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Body Talk

Many years ago, I first heard that communication was more about body language than words.  As an OT who worked with children who had motor planning challenges, I was fascinated by how limiting their inability to imitate was on communication.  Ever since Albert Mehrabian’s famous study in 1967, people have quoted his formula, misquoted it and speculated about it’s validity.  (Mehrabian, A. (1972). Nonverbal Communication. New Brunswick: Aldine Transaction.)  His striking claim established that communication is 55% body language, 38% tone of voice, and 7% spoken word.  Others have stated everything from 60% body language and 40% words to 90% body language and 10 percent spoken word.  The important takeaway here is that body language, facial expressions, tone of voice, and context, are all essential to being an effective communicator.

 My friend has a new baby.  It has been a blast watching this 5-month old stare at her mother’s face.  She mimics her mother’s expressions by smiling or displaying scowl marks on her little forehead.  Her miniature body moves in accord with her moods.  Excitement elicits wild arm and leg flapping and high-pitched squeals.  Sadness gives way to the pouting lower lip and tight limbs pulled close to her body.  This little one has no words but man… can she communicate! What happens when a child in school does not attend to his teachers’ face because he simply doesn’t understand that it is communicating anything?  The importance of body language, facial expressions, context and tone of voice has always been important to me – as a teacher, a mom, and an OT.  Yet, I STILL need reminders.  John, in my social cognition group flips around the room giggling and specifically NOT doing what I ask.  When I stop his body, get down to his level and say, “Look at my face.  What does this face mean?” and he doesn’t have a clue, I am still surprised.  When I say to another, “Listen to my voice.  Is this a happy or mad voice?” and Sara can’t tell me, I am still surprised.  When all the kids are assuming my favorite yoga pose, child’s pose, on the floor and Gabe is sitting in his chair and talking and I say, “Look at what the other kids are doing.  Can you make your body do the same thing?” and he simply sits on the floor, I am still surprised.   I don’t mean to imply that if I have a hard time remembering that many kids don’t use nonverbal communication well that you won’t.  I do strongly suggest that we are an incredibly verbose society and words are often our first line of action.  My go-to activity when I need reminders is to engage the kids in the STOP ‘N GO game featured in our Social Adventures App.  This game is played much like Mother May I? but without words.  It is important that the leader be an adult so that clear nonverbal communication can be provided.  When the leader looks at a child, the child needs to point to her chest to confirm that she knows she is the chosen one.  The leader then uses gestures, facial expressions, and body movements to communicate how that child should move forward:  big steps, little steps, crawling, jumping, fast, slow, backwards, etc.  After this game, the kids are primed to at least try to gain information from the teacher and peers by looking at them. Please check out our Social Adventures App for more activities addressing social interaction.  The app also includes 4, 8-week programs to be used with social cognition groups.  Most importantly, please consider the impact of non-verbal challenges when you encounter kids who seem to be acting out behaviorally.  They may want to follow your direction but just don’t have a body clue!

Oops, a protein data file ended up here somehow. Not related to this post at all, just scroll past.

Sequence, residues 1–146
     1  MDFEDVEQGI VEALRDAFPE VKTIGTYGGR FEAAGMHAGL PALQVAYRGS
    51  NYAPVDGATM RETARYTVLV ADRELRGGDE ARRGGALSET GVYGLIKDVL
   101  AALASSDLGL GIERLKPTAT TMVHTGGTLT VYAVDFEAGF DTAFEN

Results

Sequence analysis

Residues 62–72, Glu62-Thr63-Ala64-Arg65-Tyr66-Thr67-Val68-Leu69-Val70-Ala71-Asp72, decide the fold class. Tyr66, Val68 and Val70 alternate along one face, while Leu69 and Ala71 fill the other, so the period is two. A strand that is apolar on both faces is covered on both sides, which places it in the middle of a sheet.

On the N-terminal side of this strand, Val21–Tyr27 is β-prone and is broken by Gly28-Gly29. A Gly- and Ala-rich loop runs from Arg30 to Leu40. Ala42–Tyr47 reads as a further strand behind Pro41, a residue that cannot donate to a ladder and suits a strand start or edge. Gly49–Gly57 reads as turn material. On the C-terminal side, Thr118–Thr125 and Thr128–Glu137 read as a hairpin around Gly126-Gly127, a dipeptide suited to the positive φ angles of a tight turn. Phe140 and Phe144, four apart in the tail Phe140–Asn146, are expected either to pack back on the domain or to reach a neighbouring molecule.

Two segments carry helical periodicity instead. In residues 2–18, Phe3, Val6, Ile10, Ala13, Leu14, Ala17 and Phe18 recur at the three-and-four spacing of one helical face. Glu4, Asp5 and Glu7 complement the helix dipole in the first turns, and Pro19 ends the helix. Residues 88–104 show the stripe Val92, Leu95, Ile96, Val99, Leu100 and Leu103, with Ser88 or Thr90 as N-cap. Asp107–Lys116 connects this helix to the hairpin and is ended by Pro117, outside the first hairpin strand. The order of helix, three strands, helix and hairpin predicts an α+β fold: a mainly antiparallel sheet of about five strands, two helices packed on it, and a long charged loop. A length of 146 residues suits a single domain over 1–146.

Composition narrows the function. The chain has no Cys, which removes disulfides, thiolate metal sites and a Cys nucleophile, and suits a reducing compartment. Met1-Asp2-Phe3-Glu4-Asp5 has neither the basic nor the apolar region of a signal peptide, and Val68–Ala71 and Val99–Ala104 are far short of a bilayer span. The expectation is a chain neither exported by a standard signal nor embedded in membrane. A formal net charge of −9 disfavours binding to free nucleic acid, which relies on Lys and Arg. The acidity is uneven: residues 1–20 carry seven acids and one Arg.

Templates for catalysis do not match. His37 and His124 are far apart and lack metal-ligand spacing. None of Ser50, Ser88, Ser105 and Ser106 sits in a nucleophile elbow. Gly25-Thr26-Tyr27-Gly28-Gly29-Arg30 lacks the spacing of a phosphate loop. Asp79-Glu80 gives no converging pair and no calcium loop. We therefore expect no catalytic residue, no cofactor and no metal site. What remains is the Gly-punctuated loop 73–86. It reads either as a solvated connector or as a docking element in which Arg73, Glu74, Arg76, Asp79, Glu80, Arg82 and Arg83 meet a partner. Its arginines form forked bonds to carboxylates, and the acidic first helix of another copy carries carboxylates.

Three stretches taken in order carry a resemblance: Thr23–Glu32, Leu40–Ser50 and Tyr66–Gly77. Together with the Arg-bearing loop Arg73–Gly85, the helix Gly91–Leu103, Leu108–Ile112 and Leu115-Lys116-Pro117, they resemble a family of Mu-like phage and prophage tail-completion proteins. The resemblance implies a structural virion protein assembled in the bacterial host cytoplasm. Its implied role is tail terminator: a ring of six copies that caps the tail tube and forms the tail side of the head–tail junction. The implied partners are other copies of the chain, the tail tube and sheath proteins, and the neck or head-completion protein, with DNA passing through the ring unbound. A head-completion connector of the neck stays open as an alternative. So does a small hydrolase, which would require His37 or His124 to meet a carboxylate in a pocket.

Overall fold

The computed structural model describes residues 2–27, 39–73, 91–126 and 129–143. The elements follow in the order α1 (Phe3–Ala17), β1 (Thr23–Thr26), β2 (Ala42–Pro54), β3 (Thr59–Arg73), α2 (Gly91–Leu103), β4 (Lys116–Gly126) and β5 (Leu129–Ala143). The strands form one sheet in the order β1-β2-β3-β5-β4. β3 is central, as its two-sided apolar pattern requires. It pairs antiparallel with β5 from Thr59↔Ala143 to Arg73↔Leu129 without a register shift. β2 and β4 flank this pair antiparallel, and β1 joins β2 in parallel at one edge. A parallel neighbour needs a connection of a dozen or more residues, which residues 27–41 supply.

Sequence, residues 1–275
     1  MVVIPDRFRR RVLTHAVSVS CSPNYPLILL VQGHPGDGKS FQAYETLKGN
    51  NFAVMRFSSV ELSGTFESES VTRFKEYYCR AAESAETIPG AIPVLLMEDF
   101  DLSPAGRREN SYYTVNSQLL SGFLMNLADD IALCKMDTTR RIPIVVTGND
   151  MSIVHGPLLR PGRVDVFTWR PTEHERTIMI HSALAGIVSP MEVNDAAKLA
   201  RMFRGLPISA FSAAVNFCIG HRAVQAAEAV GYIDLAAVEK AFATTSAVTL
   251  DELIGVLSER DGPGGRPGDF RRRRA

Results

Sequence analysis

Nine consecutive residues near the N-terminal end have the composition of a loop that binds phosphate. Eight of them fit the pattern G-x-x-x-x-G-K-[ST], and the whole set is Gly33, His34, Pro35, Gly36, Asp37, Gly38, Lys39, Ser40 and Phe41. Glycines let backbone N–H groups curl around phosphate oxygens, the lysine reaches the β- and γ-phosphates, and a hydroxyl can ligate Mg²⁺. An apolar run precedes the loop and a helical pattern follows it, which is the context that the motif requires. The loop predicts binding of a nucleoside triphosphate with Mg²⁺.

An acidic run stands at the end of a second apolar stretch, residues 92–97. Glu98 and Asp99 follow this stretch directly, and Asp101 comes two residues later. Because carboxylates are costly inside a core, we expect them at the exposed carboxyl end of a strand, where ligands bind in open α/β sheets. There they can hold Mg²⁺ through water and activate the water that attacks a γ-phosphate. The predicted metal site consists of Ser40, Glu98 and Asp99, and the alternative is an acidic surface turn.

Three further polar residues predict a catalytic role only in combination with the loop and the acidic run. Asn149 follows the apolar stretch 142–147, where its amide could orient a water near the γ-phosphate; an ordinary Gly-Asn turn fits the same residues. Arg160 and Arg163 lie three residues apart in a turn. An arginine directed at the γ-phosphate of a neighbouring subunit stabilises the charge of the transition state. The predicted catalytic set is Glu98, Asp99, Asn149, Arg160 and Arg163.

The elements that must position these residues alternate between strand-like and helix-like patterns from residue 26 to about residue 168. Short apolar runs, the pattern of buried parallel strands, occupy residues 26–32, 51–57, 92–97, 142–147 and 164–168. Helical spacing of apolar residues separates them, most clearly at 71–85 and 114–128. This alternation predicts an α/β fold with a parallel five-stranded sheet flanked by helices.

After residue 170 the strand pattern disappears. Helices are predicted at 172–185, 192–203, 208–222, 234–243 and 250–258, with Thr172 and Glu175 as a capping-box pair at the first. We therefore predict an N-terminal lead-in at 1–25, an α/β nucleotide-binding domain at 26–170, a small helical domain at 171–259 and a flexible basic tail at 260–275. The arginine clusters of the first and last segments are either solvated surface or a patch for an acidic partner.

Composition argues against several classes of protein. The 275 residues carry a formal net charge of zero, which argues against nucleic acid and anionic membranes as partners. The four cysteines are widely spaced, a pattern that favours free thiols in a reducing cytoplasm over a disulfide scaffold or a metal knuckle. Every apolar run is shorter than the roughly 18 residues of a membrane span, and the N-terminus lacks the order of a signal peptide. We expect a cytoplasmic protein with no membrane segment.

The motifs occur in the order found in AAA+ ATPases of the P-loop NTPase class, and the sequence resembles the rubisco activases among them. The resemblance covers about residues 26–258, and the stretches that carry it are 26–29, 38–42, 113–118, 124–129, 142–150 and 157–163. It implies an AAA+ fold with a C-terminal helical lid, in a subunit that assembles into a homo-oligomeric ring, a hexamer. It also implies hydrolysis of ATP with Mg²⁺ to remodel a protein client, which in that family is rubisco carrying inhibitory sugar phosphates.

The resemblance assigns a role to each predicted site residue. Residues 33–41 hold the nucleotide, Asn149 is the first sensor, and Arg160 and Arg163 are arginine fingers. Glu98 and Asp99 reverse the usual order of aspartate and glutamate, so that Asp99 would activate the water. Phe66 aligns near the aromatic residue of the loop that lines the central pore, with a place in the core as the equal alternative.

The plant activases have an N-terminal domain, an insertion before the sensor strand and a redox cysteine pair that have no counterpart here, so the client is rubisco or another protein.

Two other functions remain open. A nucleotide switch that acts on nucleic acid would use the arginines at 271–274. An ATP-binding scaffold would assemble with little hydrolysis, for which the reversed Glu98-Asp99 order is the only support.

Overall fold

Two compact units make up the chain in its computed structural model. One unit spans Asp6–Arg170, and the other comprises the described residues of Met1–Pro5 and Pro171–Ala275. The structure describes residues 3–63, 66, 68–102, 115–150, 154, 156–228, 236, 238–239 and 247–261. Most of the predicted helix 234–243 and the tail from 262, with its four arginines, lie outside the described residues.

by Jill Perry, MHA, MS, OTR/L

PHOTO copyright : Lars Plougmann

 

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